What's your budget?

Before your travel agent books the honeymoon trip of your dreams, you'll want to set a realistic budget. This might be a time where you want to splurge more than your usual vacations, especially as you enter married life. To keep from overspending, especially as you're recovering from other wedding-related costs, you will want to stick to your budget. The length of time will correlate directly to your budget.

Anticipated expenses include: getting to and from the airport, incurring travel expenses during your stay (like renting a car), food, drinks, accommodations, excursions or activities, shopping, plus a budget for emergencies. For what it's worth, the average honeymoon cost hovers around $5,000. If you have more wiggle room in your budget, it could mean you have the flexibility to extend your stay.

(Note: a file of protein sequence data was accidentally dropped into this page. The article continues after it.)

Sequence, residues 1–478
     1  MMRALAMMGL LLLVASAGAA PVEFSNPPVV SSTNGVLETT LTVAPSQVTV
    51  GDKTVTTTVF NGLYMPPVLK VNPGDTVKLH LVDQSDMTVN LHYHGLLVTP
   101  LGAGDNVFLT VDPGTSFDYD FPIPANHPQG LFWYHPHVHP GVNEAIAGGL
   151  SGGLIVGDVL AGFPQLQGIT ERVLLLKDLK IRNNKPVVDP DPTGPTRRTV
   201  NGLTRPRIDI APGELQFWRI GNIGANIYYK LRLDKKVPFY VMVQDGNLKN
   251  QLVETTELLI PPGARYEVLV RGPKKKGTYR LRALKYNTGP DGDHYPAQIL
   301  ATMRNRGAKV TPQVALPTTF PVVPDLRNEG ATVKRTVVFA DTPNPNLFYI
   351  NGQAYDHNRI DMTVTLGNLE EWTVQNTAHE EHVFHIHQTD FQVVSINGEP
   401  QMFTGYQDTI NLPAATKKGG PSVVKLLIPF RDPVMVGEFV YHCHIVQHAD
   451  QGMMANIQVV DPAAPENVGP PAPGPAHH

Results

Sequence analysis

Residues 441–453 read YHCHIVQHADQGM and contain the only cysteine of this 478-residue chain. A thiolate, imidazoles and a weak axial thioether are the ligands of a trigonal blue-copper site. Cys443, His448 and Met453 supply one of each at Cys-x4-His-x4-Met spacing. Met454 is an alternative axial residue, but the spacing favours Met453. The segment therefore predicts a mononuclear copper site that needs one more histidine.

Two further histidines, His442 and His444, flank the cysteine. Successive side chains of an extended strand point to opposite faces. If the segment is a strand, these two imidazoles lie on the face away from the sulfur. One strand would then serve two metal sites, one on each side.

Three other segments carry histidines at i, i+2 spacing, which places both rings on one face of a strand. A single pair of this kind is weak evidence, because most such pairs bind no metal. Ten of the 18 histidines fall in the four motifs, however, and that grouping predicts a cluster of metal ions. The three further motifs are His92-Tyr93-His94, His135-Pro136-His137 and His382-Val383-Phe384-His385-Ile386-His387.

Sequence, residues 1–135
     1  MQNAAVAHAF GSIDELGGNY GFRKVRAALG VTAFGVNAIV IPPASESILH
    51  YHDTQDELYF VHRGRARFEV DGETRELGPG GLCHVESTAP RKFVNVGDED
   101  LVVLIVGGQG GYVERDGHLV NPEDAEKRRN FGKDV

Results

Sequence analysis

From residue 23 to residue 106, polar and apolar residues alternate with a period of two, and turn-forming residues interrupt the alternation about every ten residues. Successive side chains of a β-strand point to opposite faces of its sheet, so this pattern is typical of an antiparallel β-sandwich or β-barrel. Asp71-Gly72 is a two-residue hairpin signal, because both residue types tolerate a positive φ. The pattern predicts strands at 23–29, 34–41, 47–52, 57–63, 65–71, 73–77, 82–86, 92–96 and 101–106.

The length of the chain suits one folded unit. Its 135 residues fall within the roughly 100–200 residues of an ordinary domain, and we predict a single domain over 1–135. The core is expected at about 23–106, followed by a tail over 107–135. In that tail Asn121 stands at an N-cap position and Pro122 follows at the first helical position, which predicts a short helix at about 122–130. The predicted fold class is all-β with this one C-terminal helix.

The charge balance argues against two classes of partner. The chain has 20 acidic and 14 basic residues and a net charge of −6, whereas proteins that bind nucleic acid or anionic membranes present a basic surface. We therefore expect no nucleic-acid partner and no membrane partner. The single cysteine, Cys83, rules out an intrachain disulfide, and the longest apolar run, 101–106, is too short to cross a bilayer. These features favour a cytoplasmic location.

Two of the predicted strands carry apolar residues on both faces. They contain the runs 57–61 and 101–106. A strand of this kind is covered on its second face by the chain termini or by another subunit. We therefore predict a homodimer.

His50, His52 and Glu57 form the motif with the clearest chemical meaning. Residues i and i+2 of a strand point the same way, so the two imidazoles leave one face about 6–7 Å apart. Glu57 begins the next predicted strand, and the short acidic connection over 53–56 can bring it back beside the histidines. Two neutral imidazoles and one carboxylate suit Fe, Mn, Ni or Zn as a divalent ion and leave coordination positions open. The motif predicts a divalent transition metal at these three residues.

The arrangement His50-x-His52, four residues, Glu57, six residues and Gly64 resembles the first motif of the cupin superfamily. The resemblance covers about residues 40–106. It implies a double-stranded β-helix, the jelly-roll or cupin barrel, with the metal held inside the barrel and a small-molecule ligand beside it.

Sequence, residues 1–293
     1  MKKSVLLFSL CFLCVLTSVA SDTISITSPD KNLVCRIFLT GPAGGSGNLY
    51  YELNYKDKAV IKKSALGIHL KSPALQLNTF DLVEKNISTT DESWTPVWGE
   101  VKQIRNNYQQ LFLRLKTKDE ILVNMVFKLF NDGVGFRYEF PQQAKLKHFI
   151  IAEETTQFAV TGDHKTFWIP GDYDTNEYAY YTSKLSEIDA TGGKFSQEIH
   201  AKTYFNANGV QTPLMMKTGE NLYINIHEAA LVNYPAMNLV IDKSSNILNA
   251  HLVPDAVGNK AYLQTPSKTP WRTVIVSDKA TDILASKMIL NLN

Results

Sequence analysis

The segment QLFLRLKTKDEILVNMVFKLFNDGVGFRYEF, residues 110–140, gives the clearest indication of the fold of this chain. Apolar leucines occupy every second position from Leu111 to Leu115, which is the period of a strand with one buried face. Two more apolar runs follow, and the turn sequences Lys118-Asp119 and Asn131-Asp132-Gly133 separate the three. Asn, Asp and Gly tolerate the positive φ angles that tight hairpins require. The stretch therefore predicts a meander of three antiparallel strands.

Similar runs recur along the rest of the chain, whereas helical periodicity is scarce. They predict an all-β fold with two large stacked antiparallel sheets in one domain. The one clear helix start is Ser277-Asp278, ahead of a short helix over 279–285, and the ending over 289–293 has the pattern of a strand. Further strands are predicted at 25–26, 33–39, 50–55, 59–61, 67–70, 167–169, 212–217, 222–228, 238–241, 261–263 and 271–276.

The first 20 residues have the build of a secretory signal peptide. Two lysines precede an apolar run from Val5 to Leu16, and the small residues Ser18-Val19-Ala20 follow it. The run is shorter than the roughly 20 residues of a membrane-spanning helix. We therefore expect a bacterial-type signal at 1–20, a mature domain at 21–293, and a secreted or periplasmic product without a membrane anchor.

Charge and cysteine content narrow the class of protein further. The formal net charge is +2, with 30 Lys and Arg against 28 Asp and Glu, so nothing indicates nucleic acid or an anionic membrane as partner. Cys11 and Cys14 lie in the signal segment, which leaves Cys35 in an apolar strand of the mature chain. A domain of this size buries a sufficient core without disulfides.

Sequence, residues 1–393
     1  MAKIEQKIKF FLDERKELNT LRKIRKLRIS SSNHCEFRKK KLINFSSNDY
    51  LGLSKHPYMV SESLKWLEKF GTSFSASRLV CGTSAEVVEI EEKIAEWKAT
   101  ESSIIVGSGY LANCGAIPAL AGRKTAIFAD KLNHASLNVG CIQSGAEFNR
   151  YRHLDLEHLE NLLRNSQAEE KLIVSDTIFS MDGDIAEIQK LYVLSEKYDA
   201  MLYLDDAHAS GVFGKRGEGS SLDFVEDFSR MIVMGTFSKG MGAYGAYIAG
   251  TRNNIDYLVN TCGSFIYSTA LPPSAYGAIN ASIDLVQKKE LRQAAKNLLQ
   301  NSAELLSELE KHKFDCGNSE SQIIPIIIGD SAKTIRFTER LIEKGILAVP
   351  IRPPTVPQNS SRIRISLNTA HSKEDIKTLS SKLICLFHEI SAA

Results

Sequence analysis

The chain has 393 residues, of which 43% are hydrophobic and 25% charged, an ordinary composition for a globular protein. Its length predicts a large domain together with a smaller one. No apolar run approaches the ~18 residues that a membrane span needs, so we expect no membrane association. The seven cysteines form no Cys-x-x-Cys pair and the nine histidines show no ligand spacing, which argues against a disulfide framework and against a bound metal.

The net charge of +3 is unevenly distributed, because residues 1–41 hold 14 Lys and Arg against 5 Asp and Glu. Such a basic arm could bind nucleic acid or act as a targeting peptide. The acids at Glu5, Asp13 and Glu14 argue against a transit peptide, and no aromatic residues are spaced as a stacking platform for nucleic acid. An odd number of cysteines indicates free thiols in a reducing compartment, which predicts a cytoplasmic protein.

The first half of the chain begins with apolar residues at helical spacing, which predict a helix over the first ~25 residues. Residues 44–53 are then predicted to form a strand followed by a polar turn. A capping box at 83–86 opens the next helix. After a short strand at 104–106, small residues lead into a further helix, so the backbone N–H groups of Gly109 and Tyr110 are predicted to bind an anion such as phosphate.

Where are you looking to go?

If you only have a few vacations days from work, it might serve you to pick a destination that's closer to home. However, if your schedule and budget allow for multiple weeks off, an international excursion or a longer domestic flight to Hawaii or the US Virgin Islands might be a more suitable option for you. If you've decided to partake in the latter, keep in mind how your body reacts to jet lag and how that might affect your first day or two in a new location.